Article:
4 July 2012, 23:07

Pakistan reopens NATO supply lines

Pakistan reopens NATO supply lines

Pakistan has reopened its transit supply lines to the 130,000-strong NATO-led force in Afghanistan, more than seven months after closing them following an American air raid which killed 24 Pakistani troops.

The US withheld apologies at the time. It also punished Pakistan for closing the routes by freezing $1bn in defence aid. NATO’s summit held in Chicago in May failed to resolve the problem. The Americans continued to ship their cargoes bound for Afghanistan across Russia and former Soviet Central Asia.

The breakthrough came last Tuesday, when US Secretary of State Hillary Clinton did extend the long-awaited apologies in a phone call to her Pakistani counterpart Hina Rabbani Khar. Mrs Khar said the routes would be reopened, and the transit rate would stay nil.

Dr Viacheslav Belokrinitsky is Deputy Director of the Institute of Oriental Studies of the Russian Academy of Sciences:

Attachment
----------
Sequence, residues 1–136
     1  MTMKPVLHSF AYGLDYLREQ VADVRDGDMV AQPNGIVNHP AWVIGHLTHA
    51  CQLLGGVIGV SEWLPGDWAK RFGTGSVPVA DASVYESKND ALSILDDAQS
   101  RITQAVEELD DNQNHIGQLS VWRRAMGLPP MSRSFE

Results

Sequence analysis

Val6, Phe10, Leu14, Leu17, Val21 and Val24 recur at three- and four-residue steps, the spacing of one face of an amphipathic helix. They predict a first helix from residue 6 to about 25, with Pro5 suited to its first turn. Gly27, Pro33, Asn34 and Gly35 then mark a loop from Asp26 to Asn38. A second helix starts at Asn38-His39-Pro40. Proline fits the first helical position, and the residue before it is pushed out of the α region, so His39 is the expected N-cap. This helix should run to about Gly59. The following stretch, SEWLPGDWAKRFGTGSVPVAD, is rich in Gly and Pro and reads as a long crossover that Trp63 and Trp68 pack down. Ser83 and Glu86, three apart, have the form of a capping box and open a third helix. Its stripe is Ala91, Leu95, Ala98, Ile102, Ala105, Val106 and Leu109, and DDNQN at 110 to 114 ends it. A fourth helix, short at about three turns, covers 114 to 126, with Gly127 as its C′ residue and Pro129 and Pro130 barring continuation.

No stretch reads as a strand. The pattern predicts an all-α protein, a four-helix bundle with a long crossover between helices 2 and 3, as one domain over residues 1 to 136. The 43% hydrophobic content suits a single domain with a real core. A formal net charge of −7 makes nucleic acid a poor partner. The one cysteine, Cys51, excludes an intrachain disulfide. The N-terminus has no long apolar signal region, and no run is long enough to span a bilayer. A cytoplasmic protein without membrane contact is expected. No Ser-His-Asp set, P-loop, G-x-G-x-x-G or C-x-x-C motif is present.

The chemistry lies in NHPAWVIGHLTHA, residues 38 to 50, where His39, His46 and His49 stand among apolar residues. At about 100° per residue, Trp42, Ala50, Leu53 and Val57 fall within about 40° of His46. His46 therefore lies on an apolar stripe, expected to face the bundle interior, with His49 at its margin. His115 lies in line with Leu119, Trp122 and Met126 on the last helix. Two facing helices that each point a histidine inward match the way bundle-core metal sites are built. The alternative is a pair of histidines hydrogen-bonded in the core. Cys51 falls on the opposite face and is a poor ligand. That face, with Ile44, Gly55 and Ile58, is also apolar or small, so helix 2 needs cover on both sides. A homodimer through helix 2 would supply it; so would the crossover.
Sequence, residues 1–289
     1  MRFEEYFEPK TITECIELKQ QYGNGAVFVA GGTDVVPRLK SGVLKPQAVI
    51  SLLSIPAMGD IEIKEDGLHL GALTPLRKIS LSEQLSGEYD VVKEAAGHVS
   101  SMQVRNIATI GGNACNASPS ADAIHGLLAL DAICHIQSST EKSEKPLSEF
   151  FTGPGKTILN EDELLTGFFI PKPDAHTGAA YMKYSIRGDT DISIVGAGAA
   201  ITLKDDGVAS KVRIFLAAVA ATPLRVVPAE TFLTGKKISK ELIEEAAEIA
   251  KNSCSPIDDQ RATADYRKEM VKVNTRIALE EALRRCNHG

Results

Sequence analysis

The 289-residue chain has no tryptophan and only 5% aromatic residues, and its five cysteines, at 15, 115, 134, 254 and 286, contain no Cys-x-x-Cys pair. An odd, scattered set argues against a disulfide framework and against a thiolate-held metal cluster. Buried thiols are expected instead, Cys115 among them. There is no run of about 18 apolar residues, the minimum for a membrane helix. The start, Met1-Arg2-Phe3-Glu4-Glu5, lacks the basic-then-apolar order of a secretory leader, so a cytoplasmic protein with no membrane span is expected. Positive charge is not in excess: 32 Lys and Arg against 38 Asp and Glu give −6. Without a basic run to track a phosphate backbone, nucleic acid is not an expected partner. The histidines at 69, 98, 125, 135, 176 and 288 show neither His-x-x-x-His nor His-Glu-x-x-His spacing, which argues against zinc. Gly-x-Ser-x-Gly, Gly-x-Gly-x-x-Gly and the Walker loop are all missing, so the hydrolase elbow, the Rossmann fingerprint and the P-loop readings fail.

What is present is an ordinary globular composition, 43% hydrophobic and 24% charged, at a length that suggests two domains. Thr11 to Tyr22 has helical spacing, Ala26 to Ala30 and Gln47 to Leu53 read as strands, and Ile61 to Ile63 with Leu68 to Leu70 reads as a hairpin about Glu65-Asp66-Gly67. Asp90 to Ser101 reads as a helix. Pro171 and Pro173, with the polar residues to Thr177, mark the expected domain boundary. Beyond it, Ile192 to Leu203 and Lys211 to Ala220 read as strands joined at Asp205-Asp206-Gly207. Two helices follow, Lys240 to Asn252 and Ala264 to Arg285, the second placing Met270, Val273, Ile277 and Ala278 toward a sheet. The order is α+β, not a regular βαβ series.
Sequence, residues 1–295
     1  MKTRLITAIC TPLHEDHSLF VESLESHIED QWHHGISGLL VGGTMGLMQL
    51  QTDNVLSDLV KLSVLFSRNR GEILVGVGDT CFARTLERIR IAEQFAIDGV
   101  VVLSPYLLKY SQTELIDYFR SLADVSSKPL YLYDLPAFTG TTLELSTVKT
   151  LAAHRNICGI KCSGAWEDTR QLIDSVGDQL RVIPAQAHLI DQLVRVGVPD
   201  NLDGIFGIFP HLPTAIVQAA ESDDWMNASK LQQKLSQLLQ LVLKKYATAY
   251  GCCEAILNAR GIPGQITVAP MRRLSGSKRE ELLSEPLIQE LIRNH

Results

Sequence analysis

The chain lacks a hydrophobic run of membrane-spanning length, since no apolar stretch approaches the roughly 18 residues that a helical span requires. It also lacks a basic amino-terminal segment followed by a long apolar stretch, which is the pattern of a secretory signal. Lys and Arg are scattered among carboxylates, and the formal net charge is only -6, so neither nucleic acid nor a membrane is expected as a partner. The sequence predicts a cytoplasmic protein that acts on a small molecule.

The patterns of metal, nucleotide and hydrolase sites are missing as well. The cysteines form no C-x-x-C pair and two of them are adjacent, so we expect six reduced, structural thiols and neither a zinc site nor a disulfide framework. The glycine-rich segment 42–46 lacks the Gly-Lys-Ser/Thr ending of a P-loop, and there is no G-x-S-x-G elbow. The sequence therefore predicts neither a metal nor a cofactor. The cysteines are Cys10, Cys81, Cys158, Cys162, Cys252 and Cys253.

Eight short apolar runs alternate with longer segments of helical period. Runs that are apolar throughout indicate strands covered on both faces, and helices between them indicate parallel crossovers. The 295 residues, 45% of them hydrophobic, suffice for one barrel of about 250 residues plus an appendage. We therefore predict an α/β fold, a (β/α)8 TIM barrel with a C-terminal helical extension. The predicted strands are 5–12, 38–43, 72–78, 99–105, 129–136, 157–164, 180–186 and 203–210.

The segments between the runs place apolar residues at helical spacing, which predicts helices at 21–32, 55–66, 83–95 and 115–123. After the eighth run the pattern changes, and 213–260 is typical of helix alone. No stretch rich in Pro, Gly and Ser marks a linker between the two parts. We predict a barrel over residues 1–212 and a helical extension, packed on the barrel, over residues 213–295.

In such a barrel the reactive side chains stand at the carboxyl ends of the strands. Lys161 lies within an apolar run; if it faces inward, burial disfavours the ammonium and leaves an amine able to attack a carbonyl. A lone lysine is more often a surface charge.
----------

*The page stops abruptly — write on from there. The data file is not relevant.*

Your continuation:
"The breakthrough came after the two ladies acknowledged mutual American and Pakistani guilt for last November’s incident. This was important, because it created conditions for a compromise."

Pakistan was also under financial pressure to reopen the routes. Indeed, reports that the transit was free are simply not true. The Pakistanis charged $250 per container, and were secretly bargaining for a much higher rate. The suspended defence aid, too, played its role.

Dr Belokrinitsky again:

"Pakistan spent 7 months without the transit revenue and the promised aid. This led many to believe that the Pakistanis would have to climb down after all. Observers also say that the Pakistani government needed the transit suspension for domestic political reasons."

Dr Vladimir Moskalenko of the Oriental Studies Institute sees another motive behind Pakistan’s decision to reopen the transit routes:

"NATO’s final pullback from Afghanistan is scheduled for late 2014. This means Washington has enough time to find alternative transit routes. If found, new routes would make transit across Pakistan unnecessary, leaving the Pakistanis high and dry."

Before the closure, the transit traffic was at about 250 containerloads a day. Had the American ‘sorry’ come immediately, the Americans would have saved over $700mn, and thousands of Pakistani truckers would have been spared the misery of spending more than 7 months without a job.

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